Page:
The “Tiger Cub”

By the early 1990s, Indonesia was hailed as one of the “tiger cubs,” along with Malaysia, Thailand and the Philippines – the countries whose high growth rates and profit opportunities for foreign investors were compared to the larger “Asian Tigers.” The tigers and their junior partners were held up as models of capitalist dynamism and the wonders of the market.

In 1993, the World Bank singled out Indonesia as one of the leading examples of “the Asian Economic Miracle.” “The HPAEs [high-performing Asian economies] have ... been unusually successful at sharing the fruits of growth ... As a result of rapid, shared, growth, human welfare has improved dramatically ... The HPAEs are unique in that they combine this rapid, sustained growth with highly equal income distribution.” [25]

Under Suharto, Indonesia underwent a transition of rapid capitalist industrialization. Peasants were forced off land and into factories, as agricultural production declined from 73 percent of sector employment in 1961 to 50 percent – and 42.5 percent in the more populous Java region – by 1990. [26]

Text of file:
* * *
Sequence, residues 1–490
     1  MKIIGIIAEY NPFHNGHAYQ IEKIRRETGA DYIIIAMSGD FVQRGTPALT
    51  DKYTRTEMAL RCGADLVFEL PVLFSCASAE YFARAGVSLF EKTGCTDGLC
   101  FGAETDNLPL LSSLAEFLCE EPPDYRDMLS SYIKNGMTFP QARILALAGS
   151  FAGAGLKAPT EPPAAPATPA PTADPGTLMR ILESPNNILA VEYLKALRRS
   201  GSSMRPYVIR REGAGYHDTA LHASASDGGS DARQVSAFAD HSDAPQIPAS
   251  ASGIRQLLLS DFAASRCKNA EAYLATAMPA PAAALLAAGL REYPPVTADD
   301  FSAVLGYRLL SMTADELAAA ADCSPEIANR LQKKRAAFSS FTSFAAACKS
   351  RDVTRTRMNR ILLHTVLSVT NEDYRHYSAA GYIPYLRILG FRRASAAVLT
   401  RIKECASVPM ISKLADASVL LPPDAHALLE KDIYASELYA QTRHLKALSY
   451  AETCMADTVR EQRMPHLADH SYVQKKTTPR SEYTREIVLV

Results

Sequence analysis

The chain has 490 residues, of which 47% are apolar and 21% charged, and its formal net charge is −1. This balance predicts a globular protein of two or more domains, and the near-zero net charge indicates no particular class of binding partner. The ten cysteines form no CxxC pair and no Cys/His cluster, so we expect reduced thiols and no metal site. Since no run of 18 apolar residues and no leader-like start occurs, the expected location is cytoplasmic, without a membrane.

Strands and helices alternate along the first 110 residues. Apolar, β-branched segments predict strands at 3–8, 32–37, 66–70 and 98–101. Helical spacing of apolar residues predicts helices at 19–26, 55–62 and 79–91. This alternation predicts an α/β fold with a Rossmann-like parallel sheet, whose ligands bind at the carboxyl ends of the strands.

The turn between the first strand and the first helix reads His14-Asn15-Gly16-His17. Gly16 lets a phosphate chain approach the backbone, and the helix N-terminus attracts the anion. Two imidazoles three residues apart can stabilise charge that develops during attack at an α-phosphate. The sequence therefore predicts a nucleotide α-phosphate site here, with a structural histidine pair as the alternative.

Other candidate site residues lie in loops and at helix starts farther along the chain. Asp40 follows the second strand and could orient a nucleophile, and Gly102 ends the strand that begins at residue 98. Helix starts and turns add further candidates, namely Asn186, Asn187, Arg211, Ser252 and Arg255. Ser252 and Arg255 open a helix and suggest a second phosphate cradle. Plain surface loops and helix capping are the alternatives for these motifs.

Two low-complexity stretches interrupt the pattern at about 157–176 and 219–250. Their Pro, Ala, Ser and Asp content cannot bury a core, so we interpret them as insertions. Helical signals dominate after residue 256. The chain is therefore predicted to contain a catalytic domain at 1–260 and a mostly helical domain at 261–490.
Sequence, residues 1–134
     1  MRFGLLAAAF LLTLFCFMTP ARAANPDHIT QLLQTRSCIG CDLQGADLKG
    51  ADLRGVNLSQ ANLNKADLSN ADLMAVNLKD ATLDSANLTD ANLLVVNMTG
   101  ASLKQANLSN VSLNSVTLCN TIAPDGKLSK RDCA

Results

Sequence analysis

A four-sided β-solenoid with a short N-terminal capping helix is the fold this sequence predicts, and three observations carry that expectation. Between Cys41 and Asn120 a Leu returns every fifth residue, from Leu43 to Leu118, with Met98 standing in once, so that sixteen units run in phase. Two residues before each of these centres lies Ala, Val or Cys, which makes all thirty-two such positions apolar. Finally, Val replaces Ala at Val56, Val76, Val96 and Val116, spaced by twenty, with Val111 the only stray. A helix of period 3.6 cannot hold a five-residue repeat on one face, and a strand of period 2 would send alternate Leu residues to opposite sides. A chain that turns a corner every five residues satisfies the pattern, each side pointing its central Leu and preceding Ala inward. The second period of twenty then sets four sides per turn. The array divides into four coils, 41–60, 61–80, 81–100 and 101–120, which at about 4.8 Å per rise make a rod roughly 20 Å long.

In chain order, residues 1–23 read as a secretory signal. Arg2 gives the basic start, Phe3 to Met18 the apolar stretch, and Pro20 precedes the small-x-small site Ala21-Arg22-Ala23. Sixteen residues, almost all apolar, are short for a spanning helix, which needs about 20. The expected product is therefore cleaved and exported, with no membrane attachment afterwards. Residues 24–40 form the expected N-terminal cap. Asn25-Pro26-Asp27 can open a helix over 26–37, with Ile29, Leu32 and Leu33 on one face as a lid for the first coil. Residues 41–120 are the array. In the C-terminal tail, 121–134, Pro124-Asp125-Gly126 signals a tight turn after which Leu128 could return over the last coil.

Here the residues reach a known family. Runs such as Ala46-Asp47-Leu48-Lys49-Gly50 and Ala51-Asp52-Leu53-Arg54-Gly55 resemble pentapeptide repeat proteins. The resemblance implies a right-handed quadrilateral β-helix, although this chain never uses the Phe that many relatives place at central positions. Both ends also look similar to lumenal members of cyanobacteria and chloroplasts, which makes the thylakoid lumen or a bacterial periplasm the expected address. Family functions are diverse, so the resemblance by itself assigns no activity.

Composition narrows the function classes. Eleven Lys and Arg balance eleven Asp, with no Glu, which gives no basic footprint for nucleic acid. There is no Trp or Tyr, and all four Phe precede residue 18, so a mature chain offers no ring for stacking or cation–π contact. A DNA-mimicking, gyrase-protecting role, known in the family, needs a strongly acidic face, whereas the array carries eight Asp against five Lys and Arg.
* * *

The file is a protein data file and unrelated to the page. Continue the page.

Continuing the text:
Far Eastern Economic Review reporter Adam Schwarz notes:

Pragmatic and effective monetary management, increases in investment and labor productivity and the oil bonanza combined to give Indonesia an average rate of annual growth of more than 7 percent from 1968 to 1981. From 1981 to 1988, annual growth slowed to an average of 4.3 percent, a result of the fall-off in oil revenues and the accumulated effect of overzealous government intervention and regulations in the 1970s and early 1980s. From 1989 to 1993 the economy again grew by almost 7 percent a year. [27]